Posted by Jonathan Maus ( Publisher/Editor ) on January 11th, 2012 at 3:51 pm
(Photos © J. Maus/BikePortland)
Since New Seasons Market announced they were coming to the Williams/Vancouver corridor in North Portland I’ve been hoping to catch up with CEO Lisa Sedlar to hear more about their plans for bike access and to get her vibe on transportation issues in the area. I met Sedlar at a meeting of the North Williams Traffic Safety Operations Project yesterday and we finally connected for a Q & A via phone this morning.
One of things I was most interested to hear her address is whether or not the high volume of bike traffic on Williams (and Vancouver) played into their decision. While she said they’ve been considering a store in this neighborhood since 2008 and that its designation as a “food desert” by Mayor Sam Adams put it on their radar, Sedlar said the presence of bike traffic “definitely” played into their decision.
“We see the hundreds of cyclists going up and down Williams every day and we could see that we could capture this traffic.”
Speaking of traffic, there are some underlying concerns that the new store will increase vehicle trips and further complicate an already stressful traffic environment. Sedlar said that’s not how she envisions it. “The idea of opening in an underserved area,” she said is “capturing the traffic that’s here now so people don’t have to leave the neighborhood to get groceries.”
Given the neighborhood discourse around the Williams project of late, I was pleased to find out that New Seasons’ Operations Manager Elizabeth Nardi lives in the Eliot neighborhood and has been attending project meetings as a resident for the past several months.
When it comes to specific traffic engineering changes, Sedlar offered a few bits of info and some perspectives.
Sedlar said they’ve already begun conversations with project developer Roger Collins (of Ivy Street Partners) and others about “strengthening” the existing traffic signals at Fremont and Williams “so they’re way more visible.” In addition, she mentioned creating a “left turn deceleration lane” on Williams and enhancing crosswalk visibility on all the intersections around the store.
As for her opinion on the proposed one-lane Williams option, Sedlar said, “Vancouver is one lane and that seems to work fine,” but she qualified that by adding, “I’m not the traffic expert.” Sedlar plans to stay involved with the planning process, which is still focused on setting guidelines and outcomes and hasn’t re-started design and engineering ideas since the public process rebooted back in August.
Above all else, when it comes to transportation issues, Sedlar wants to see vehicle speeds come down. “My strong opinion,” she said, “Is I’d like to see the traffic slowed down all along Williams because of potential for accidents with cyclists, pedestrians, buses and motor vehicle traffic.” She added that they’ll “do everything we can” to install new signage along the corridor telling vehicle operators to slow down and to expect the presence of bicycles.
Another major player in this discussion is Mr. Collins from Ivy Street Partners. According to Sedlar, he’s considering a mixed-use development on the south side of the same block New Seasons is building on. Sedlar says it would have small retail shops on the bottom and affordable-housing designated apartments on top.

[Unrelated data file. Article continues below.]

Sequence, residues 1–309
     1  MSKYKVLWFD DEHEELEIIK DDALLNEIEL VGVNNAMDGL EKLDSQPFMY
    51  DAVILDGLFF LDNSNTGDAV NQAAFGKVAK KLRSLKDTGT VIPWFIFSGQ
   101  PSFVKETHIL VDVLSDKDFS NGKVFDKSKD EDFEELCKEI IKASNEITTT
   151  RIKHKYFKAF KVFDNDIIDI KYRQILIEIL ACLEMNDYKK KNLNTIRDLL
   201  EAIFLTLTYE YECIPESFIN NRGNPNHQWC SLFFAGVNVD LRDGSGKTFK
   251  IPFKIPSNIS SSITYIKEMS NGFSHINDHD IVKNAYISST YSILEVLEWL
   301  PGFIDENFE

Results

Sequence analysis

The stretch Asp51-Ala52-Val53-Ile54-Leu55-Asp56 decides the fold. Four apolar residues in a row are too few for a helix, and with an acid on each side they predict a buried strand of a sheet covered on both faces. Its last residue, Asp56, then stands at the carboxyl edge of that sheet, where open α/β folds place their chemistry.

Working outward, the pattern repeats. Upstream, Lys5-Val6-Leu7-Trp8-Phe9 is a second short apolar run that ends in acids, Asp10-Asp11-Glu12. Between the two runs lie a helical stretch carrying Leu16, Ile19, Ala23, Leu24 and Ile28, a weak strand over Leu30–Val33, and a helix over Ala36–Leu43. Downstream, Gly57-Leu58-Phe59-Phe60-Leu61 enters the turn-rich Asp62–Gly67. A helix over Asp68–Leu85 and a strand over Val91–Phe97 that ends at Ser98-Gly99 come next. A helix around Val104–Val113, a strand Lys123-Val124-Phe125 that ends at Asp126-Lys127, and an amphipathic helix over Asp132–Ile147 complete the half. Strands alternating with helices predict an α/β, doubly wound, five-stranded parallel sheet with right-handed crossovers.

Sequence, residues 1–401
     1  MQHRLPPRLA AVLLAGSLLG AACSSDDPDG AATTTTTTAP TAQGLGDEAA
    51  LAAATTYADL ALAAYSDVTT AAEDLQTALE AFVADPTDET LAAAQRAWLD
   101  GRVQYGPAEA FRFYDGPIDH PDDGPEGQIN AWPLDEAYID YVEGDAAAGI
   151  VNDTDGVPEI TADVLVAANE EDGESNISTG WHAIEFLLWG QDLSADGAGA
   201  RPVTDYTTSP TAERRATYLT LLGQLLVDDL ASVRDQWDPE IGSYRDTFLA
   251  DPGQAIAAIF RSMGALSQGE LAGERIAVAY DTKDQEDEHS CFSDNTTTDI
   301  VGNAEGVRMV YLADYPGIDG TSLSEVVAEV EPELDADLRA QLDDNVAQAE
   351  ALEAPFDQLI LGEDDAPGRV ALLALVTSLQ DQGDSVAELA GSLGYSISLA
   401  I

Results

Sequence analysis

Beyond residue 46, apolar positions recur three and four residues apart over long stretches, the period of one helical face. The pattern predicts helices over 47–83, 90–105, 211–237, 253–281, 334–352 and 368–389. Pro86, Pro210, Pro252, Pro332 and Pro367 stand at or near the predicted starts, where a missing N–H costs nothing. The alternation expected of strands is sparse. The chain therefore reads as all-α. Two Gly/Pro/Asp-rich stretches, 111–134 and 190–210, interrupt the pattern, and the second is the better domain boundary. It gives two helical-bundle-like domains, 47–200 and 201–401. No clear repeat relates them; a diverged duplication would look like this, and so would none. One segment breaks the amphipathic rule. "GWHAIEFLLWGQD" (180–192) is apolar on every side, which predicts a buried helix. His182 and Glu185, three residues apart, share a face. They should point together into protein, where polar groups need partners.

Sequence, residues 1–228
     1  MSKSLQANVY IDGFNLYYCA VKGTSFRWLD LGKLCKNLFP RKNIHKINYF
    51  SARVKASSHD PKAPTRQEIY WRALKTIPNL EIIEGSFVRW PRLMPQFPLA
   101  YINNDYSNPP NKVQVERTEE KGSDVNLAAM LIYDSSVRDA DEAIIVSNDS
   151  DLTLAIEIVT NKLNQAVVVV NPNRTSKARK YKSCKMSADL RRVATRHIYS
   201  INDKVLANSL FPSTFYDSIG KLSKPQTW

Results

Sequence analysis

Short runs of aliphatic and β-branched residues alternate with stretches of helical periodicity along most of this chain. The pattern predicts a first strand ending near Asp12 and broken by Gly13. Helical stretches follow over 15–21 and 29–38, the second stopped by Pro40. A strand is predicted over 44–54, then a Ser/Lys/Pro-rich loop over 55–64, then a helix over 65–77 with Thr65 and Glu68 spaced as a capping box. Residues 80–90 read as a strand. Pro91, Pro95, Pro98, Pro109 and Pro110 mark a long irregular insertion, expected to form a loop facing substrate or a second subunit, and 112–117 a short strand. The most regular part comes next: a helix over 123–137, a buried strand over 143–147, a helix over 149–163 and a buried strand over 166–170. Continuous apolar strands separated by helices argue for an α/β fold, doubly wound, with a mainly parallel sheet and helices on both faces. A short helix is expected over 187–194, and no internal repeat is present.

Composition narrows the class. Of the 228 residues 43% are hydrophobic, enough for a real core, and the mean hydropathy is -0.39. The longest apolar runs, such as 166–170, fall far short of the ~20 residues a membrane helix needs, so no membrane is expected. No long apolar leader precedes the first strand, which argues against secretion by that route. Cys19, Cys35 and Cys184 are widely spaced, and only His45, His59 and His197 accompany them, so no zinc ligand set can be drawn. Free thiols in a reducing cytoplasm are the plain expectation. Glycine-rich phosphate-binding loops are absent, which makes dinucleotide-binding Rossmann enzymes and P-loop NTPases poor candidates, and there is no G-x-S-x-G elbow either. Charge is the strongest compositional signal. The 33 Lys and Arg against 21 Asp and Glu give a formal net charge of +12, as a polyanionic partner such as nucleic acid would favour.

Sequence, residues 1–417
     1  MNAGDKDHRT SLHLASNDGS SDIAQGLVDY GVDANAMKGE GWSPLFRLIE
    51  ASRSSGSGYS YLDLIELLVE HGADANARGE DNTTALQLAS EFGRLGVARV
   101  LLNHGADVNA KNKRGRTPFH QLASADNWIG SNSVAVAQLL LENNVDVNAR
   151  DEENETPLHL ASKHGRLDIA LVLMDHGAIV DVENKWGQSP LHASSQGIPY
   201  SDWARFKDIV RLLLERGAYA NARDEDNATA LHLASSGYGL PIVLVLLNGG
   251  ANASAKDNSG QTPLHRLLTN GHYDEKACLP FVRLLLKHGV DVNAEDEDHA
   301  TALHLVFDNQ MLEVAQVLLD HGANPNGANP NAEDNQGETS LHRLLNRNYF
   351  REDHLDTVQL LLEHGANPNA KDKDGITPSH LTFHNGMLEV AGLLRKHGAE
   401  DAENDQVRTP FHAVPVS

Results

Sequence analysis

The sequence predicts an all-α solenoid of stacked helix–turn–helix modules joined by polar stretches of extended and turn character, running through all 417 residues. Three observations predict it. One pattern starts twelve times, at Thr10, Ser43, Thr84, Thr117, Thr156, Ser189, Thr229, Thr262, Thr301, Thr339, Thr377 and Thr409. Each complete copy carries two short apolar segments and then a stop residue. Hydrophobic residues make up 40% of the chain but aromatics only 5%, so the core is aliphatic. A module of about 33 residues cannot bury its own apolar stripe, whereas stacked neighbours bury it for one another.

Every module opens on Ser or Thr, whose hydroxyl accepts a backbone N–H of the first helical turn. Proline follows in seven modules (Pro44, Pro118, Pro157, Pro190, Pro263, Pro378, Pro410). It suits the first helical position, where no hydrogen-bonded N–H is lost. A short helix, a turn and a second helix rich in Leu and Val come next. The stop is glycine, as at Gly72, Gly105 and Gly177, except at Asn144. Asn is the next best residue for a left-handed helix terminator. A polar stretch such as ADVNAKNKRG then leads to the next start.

Now let’s talk about bike access…
Sedlar says that, like their Hawthorne store, the new location will have more bike parking than car parking. They don’t know exactly how many bike spaces there will be (they’ve announced 60 car spots, plus an additional 12 on the street), but Sedlar said there’d be plenty. She also mentioned that they’ll make sure most of the bike parking is covered because, “Getting onto a wet bicycle seat isn’t a fun thing.”
It’s also not fun to get caught with a flat without a pump or show up to shop without a lock. But don’t fret, they’ll have you covered. Expect loaner U-locks, patch kits, and a tire pump at the new store (as well as basic bike necessities like tubes and lights for sale of course).
During our chat I told Sedlar how many people have large cargo bikes and it might be worth having a special “Family/Cargo Bike Parking” area set aside. She loved the idea and asked if I’d like to do a site walk-through with a PBOT parking staffer to flesh out some ideas. Another idea I ran by her was providing small gear lockers for people that show up by bike. I think providing space for rain gear, panniers, and other valuables people don’t like to leave attached to their bikes, is the next big thing for bike-friendly businesses. Sedlar agreed and I’m hopeful we see those innovative amenities in the new store.
Speaking of ideas and feedback, Sedlar and New Seasons have a good record of listening to neighborhoods. When they moved into the Hawthorne area in southeast Portland, Sedlar shared, initial plans called for a ramp to rooftop parking on SE 41st Avenue. However, after neighbors told them that street sees a lot of bike traffic, they changed the plans and put the ramp on SE 41st. “We flipped the whole configuration of the store based on feedback from the neighborhood.”
In the end, Sedlar wants BikePortland readers to remember that her company is “really thoughtful about what it means to ride your bike to the grocery store and that safety is our foremost concern.”
Tell New Seasons what you’d like to see in the design of their new store in the comments and stay tuned for updates.